This energy crisis is real. It doesn’t matter if you are a disciple of Al Gore or a follower of T. Boone Pickens. The problem is here to stay and business strategies should address it. Your business may be strictly a consumer of energy or your product may consume energy throughout its lifecycle. In both cases, you or your customers will be looking for ways to reduce that consumption.  Whether the changes are legally mandated or consumer driven the impact to your business is the same.

This does point out a very valuable lesson, and underscores the importance of a sustainable approach to business. A truly sustainable business operates on not just the financial bottom line but at the confluence of the triple bottom lines of people, planet AND profit. People meaning all of your company’s stakeholders, including your customers, your employees, your stockholders, your community and in this case government agencies and regulators. If you are like most businesses, incorporating these strategies into your business will be much less disruptive than waiting until it is legally required of you to do so.

The point is that these are complicated issues that are not going to be solved by only looking to the financial bottom line. It has to be an integrated approach that uses input from all stakeholders. In this difficult financial economy, looking out beyond the next payroll feels like science fiction. But we have to continually project ourselves 3, 5, 7, 30, even 50 years ahead as we plan strategy. We need to continue to evolve our businesses. Those that can and do will sustain. Those that don’t will simply cease to exist.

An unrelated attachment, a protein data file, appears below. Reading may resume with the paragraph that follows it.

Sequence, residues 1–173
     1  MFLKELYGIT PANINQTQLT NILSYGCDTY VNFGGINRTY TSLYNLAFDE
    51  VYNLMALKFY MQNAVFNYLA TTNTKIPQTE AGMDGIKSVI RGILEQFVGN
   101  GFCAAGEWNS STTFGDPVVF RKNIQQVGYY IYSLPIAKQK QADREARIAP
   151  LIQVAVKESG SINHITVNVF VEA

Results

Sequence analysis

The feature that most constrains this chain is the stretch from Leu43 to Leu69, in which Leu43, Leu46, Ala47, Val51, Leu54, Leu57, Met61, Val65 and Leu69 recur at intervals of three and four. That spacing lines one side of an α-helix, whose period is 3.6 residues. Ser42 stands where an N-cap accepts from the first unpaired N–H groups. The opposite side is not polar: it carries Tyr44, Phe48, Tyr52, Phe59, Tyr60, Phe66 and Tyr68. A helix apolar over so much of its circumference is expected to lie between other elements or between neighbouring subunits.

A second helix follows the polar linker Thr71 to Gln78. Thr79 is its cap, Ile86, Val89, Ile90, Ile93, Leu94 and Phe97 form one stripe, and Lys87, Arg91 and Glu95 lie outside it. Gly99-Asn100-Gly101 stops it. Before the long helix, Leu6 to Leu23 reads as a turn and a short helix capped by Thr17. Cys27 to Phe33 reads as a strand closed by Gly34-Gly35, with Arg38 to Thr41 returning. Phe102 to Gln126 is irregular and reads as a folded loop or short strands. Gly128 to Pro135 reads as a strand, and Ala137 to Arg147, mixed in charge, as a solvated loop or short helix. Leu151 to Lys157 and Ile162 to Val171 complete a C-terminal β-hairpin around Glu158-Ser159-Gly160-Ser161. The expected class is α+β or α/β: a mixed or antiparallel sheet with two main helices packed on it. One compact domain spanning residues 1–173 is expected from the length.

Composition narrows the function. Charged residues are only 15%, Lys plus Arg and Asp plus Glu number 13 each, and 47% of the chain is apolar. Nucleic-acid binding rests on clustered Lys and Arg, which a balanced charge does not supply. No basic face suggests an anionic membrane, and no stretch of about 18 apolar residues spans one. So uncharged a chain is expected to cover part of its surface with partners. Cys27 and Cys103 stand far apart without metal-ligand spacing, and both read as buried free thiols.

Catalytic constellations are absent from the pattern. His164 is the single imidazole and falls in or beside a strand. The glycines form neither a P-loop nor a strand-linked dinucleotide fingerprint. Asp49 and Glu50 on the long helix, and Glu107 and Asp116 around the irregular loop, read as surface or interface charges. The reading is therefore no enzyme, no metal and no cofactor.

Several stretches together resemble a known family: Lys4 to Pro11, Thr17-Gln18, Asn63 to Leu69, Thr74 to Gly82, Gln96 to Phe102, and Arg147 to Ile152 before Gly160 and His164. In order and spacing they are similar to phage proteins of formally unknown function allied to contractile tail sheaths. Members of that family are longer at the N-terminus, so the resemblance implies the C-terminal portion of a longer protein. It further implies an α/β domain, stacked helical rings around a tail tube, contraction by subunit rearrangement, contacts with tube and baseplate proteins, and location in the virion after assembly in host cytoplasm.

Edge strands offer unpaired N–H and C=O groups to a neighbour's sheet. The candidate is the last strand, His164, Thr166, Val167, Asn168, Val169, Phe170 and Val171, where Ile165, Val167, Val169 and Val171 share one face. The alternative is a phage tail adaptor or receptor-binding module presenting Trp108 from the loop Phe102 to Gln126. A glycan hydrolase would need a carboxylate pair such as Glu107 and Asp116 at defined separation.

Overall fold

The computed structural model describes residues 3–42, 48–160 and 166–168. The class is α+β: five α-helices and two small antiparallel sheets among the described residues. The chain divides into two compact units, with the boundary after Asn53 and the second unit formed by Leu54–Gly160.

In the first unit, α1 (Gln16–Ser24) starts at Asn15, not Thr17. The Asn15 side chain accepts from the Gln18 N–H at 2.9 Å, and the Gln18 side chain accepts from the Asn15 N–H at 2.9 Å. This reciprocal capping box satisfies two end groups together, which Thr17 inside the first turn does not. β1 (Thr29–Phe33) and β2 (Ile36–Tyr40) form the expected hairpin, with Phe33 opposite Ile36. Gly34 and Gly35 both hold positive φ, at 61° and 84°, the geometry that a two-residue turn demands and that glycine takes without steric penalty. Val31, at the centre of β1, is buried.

How many like to give money away? I don’t mean charitable giving; I mean paying for something and getting absolutely nothing in return.  Across the country and around the globe we spend millions each year for electricity that we never use. Called phantom power or vampire power, devices all over our homes and businesses are sucking electricity even when they are “turned off”. In the average home this can account for 5-10% of your electric bill. In businesses the power used at “the plug” can be the third or fourth highest user of electricity in an office behind the HVAC and lighting.

In some cases, this phantom power is used to keep a computer or TV in stand-by mode so that it starts in an instant. Other devices use the power to run clocks. From my kitchen I can see four or five different appliances that have a clock…and they never display exactly the same time! Still other devices use the power to do, well, nothing at all.
One of the gifts my wife gave me for Christmas this year was a Kill-A-Watt. (http://www.p3international.com/products/p4460.html)

The Kill-A-Watt comes in two models. I have the Kill-A-Watt EZ which has some additional features. The basic operation of both models is very easy. They plug into any wall outlet, then the device or devices that you want to measure plug into the Kill-A-Watt. It then measures the amount of electricity being consumed and projects the usage over a day, week, month and year. The longer it measures the usage the more accurate the projections become.